In Peru, a ‘Foggy’ Solution To a Water Shortage

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Millions of people in Peru lack access to safe water and sewage services. But Abel Cruz Gutiérrez has a solution. Gutiérrez, president of the “Peruvians Without Water” association, uses an ingenious system of “fog catchers” to make water accessible to residents of Lima’s low-income neighborhoods.

image/text credit: Great Big Story

The fog catchers resemble large rectangular sailboat sails, which are composed of nylon nets that trap microdroplets of water. The nets are set up along the foggy areas of coastal Peru and are connected to pipes, which collect the water for larger storage tanks.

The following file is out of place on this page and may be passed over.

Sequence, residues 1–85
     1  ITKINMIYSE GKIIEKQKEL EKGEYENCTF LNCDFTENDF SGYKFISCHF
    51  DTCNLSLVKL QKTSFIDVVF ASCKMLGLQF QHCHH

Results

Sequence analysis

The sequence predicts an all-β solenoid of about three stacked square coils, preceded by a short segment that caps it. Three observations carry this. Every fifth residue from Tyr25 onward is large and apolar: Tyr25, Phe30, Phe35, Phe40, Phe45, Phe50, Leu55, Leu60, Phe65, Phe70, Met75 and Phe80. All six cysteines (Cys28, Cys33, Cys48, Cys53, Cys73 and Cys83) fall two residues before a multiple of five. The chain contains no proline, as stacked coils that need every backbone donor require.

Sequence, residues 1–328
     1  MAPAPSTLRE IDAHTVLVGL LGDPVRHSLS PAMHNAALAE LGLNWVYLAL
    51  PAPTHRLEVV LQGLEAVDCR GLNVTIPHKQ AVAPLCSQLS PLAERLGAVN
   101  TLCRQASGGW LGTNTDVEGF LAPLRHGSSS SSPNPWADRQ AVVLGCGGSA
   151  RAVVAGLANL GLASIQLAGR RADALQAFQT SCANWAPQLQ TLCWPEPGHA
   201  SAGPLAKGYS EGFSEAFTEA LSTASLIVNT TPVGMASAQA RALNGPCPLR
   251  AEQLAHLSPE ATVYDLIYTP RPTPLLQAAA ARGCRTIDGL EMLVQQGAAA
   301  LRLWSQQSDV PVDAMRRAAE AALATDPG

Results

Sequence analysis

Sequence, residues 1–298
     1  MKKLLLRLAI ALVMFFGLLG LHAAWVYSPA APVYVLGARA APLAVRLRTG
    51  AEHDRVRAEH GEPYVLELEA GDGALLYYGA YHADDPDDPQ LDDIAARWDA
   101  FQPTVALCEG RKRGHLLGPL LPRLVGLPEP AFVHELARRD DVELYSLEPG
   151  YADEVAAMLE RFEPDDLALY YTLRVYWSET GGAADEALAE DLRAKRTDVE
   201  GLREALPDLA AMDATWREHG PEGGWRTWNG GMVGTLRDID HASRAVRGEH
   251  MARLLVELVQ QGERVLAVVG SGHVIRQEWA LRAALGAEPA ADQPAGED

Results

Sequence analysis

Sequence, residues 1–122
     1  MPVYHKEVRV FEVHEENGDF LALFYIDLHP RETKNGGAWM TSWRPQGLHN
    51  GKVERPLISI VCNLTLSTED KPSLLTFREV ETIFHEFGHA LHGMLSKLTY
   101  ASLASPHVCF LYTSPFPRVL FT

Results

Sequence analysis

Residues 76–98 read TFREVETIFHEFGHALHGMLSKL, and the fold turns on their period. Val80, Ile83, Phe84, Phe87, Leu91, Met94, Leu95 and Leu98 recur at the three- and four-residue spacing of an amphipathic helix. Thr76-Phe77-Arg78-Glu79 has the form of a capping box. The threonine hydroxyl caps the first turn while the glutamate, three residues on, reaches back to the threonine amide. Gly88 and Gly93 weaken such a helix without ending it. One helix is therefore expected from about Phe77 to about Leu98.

image/text credit: Great Big Story

Residents can then use this water as irrigation for crops or to raise animals. And while the water isn’t currently drinkable, Gutiérrez is working on a solution to that as well.
The technique was pioneered in Chile in the 1950s.

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The fog is pushed through fine mesh where it condenses, trickles down, and gets collected below. It’s a cheap, effective, and clean way to source water.

The nets harvest precious water for crops and animals: 140 square meters provide 840 liters of water per day, shared among 85 landowners.

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